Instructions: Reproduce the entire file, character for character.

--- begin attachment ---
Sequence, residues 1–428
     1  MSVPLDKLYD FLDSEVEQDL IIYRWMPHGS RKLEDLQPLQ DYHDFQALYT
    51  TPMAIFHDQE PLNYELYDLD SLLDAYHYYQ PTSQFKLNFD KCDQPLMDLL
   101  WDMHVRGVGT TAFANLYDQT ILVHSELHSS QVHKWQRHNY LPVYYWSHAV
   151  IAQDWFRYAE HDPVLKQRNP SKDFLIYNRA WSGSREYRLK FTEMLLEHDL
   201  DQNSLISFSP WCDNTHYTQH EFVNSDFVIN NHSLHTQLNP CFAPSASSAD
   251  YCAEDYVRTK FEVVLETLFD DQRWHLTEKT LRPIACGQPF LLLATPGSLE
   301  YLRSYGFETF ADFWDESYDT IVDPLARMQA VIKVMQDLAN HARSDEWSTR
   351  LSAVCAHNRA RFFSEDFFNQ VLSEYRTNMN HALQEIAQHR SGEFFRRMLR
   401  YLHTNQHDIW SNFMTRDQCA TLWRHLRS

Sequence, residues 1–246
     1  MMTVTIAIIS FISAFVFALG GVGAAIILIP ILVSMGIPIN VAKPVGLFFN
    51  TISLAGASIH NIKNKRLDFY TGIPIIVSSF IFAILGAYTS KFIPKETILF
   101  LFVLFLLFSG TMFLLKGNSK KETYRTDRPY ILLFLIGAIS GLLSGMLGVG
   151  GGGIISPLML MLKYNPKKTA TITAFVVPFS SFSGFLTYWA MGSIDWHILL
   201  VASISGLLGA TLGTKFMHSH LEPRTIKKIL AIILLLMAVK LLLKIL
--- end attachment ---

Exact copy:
Sequence, residues 1–428
     1  MSVPLDKLYD FLDSEVEQDL IIYRWMPHGS RKLEDLQPLQ DYHDFQALYT
    51  TPMAIFHDQE PLNYELYDLD SLLDAYHYYQ PTSQFKLNFD KCDQPLMDLL
   101  WDMHVRGVGT TAFANLYDQT ILVHSELHSS QVHKWQRHNY LPVYYWSHAV
   151  IAQDWFRYAE HDPVLKQRNP SKDFLIYNRA WSGSREYRLK FTEMLLEHDL
   201  DQNSLISFSP WCDNTHYTQH EFVNSDFVIN NHSLHTQLNP CFAPSASSAD
   251  YCAEDYVRTK FEVVLETLFD DQRWHLTEKT LRPIACGQPF LLLATPGSLE
   301  YLRSYGFETF ADFWDESYDT IVDPLARMQA VIKVMQDLAN HARSDEWSTR
   351  LSAVCAHNRA RFFSEDFFNQ VLSEYRTNMN HALQEIAQHR SGEFFRRMLR
   401  YLHTNQHDIW SNFMTRDQCA TLWRHLRS

Sequence, residues 1–246
     1  MMTVTIAIIS FISAFVFALG GVGAAIILIP ILVSMGIPIN VAKPVGLFFN
    51  TISLAGASIH NIKNKRLDFY TGIPIIVSSF IFAILGAYTS KFIPKETILF
   101  LFVLFLLFSG TMFLLKGNSK KETYRTDRPY ILLFLIGAIS GLLSGMLGVG
   151  GGGIISPLML MLKYNPKKTA TITAFVVPFS SFSGFLTYWA MGSIDWHILL
   201  VASISGLLGA TLGTKFMHSH LEPRTIKKIL AIILLLMAVK LLLKIL